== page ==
Peterborough, NH: population, rivers, lakes, mountains, resorts, hotels, motels, inns, and landmarks.

New England > New Hampshire > Peterborough

Peterborough, New Hampshire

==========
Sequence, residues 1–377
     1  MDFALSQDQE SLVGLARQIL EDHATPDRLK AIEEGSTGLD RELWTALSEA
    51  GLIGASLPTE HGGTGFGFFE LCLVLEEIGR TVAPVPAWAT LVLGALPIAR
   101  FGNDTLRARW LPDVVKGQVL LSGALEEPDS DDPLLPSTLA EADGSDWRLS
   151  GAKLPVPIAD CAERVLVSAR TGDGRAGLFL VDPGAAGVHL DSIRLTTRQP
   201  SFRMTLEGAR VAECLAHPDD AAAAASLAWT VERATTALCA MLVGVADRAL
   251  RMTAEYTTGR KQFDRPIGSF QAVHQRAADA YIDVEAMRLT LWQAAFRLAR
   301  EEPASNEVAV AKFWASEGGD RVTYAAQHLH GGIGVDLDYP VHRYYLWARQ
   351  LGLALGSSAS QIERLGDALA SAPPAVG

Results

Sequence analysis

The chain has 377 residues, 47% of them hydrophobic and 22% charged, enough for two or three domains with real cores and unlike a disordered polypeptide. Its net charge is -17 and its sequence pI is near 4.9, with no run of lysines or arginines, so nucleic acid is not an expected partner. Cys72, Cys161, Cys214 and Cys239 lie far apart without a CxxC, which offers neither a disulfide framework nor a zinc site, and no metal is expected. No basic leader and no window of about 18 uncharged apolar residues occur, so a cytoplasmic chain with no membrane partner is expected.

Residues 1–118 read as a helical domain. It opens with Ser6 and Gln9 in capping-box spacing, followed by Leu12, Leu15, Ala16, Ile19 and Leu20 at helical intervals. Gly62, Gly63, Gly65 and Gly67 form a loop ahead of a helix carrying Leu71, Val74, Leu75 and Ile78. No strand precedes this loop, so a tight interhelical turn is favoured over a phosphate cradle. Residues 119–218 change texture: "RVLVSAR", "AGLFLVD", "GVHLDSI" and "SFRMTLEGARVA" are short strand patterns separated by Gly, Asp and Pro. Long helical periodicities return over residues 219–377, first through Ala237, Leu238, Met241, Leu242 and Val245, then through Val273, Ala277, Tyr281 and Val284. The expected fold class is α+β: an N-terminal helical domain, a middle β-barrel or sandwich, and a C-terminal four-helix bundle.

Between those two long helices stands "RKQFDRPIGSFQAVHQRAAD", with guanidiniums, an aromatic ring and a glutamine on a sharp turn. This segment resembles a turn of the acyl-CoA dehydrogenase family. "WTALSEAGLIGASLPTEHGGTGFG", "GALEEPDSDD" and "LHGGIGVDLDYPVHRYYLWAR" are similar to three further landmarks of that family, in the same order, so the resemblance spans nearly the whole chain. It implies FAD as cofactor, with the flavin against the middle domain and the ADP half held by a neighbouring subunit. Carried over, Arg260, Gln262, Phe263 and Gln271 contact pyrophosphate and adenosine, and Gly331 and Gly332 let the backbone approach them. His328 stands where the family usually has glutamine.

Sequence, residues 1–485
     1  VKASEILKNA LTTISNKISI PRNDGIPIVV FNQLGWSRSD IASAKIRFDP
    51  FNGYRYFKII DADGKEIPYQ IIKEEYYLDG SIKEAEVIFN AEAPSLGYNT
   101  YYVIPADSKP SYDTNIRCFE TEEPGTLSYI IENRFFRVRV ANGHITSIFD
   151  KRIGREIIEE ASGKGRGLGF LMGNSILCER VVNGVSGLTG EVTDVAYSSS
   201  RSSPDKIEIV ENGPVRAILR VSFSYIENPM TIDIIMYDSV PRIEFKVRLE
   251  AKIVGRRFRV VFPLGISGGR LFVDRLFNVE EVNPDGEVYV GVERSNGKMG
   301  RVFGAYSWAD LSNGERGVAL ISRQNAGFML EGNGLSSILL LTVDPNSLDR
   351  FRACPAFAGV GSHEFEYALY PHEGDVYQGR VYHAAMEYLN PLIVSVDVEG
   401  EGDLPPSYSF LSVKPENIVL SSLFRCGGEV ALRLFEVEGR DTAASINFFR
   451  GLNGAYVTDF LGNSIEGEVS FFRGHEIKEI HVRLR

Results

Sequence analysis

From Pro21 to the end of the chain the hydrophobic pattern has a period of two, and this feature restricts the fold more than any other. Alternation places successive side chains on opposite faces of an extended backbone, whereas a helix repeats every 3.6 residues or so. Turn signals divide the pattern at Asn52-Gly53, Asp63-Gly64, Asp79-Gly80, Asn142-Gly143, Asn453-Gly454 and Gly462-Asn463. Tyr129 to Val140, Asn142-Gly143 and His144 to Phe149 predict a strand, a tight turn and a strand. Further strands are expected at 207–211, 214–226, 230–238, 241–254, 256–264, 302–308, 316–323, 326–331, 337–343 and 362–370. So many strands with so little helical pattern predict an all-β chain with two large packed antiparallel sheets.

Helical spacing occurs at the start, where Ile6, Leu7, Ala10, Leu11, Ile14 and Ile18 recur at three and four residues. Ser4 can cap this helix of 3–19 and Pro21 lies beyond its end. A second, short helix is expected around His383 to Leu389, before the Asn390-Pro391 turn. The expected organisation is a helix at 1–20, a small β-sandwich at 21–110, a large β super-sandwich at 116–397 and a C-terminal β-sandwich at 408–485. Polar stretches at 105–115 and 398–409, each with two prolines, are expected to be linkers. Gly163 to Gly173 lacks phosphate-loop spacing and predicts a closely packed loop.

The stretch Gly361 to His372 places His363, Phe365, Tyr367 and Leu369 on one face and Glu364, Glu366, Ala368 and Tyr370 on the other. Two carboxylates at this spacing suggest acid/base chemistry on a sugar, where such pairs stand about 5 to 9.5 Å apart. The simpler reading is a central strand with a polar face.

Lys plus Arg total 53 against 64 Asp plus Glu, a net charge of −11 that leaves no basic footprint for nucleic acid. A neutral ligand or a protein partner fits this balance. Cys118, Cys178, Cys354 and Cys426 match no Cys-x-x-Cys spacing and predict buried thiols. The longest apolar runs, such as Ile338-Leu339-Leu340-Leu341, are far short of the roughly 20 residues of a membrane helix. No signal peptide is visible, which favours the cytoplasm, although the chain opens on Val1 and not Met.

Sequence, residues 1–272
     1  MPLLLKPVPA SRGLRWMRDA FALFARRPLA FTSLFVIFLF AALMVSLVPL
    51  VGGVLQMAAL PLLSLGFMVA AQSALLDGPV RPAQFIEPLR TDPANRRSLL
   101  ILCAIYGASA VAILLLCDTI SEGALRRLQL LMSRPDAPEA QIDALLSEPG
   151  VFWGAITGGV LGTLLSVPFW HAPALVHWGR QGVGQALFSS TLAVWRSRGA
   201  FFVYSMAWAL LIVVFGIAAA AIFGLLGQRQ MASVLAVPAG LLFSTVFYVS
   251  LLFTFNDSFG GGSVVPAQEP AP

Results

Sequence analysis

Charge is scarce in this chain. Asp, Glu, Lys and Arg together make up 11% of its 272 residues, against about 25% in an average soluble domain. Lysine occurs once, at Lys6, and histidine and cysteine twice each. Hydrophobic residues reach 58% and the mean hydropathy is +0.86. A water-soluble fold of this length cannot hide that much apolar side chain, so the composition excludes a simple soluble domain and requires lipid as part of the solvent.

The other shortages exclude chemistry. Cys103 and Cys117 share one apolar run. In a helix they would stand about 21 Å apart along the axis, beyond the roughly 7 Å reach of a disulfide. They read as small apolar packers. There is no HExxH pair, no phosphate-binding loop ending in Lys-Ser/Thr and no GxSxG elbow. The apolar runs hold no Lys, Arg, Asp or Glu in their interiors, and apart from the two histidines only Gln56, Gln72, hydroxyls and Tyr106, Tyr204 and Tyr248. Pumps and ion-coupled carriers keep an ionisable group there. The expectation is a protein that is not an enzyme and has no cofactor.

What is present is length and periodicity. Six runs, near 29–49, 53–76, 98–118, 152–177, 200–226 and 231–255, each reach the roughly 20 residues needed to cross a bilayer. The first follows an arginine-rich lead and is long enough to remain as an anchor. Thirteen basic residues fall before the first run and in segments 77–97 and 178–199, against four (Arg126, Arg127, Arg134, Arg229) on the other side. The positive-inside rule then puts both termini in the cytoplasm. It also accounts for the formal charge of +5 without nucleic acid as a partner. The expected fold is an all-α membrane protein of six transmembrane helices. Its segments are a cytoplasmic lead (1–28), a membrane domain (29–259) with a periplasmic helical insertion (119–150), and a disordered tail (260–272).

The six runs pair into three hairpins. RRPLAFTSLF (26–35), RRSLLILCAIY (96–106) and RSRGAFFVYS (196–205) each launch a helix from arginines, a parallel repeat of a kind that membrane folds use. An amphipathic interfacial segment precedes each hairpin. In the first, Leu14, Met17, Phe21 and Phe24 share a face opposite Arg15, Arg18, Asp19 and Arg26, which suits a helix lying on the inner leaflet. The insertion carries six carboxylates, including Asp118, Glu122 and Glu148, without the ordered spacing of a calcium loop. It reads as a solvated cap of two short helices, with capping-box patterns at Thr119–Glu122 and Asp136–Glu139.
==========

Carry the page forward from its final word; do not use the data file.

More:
Hillsborough county. This town lies midway between Amherst and Keene, being 20 miles from each. It is 75 miles W.S.W. from Portsmouth, 60 N.W. from Boston, and 40 S.W. from Concord. Peterborough lies in a N.E. direction from the Grand Monadnock and is bounded on the E. by a chain of hills called Pack Monadnock. Contoocook river runs in a N.W. and N. direction through the centre of the town, affording several good privileges for mills and factories. The N. branch, from Dublin, originating partly from waters near the Monadnock, and partly from Long, or Hunt's pond, lying in Nelson and Hancock, affords a never-failing supply of water, and furnishes those noble falls, on which are situated several factories. There are extensive and valuable meadows on this branch, above these falls; and the soil generally throughout the town is excellent. In the centre of the town is a high hill, on which is situated the meeting house, at an elevation of 200 feet above the river. The chain of hills on the E. is distinguished by two principal summits. Between these summits is a depression of a quarter part of the mountain's height. About 60 rods W. of the ridge, or summit of this depression, on an embenchment of the mountain, is a pond of about 9 acres extent, very deep and replenished with fish, at an elevation of 200 feet above the site of the meeting house. There are rocks in several places which afford indications of sulphur, and crumble on exposure to the sun and air. Iron ore of an excellent quality has been discovered, but as yet in small quantities. Peterborough was granted in 1738, by the government of Massachusetts to Samuel Heywood and others. The first settlement took place in 1739. In 1759 there were 45 families, and on the 17th Jan., the next year, the town was incorporated. The first settlers of Peterborough were Scotch Presbyterians, from Ireland, or their immediate descendants. Wholly unused to clearing and cultivating of wild lands, they endured great hardships. Their nearest gristmill was at Townhend, 25 miles distant—their road, a line of marked trees. The first male child born here was John Richie; he was born Feb 22, 1751, and died in the service of his country at Cambridge, in 1776.—Population, 1830, 1,934.

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